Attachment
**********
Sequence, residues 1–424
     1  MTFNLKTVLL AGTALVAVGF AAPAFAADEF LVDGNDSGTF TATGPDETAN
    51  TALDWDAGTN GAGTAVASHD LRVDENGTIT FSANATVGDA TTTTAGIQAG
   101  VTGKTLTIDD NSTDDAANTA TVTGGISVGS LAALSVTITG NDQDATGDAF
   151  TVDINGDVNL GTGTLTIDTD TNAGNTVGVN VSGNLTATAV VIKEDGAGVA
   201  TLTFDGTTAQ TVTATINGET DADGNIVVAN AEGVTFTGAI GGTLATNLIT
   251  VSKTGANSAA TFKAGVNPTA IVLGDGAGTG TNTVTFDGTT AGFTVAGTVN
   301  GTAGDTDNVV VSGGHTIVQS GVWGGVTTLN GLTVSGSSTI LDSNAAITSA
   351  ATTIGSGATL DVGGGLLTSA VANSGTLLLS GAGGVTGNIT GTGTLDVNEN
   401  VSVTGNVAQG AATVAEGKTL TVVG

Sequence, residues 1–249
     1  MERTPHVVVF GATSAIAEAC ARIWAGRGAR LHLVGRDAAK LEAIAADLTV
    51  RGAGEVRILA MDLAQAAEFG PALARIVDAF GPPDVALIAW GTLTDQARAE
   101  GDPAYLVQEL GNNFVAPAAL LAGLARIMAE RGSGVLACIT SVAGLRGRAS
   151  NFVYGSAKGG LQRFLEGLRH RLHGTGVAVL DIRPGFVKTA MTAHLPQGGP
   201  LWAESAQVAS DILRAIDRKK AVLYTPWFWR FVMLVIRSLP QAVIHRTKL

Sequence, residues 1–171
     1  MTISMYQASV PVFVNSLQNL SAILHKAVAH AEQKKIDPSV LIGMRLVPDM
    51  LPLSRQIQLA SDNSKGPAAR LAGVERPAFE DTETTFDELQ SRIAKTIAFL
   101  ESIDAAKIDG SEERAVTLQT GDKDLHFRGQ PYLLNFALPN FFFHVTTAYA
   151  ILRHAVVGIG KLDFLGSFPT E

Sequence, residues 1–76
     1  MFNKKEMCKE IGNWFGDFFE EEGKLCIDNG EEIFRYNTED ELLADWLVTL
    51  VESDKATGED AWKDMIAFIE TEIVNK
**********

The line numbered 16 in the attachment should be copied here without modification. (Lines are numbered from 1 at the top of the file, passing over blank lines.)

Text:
   201  LWAESAQVAS DILRAIDRKK AVLYTPWFWR FVMLVIRSLP QAVIHRTKL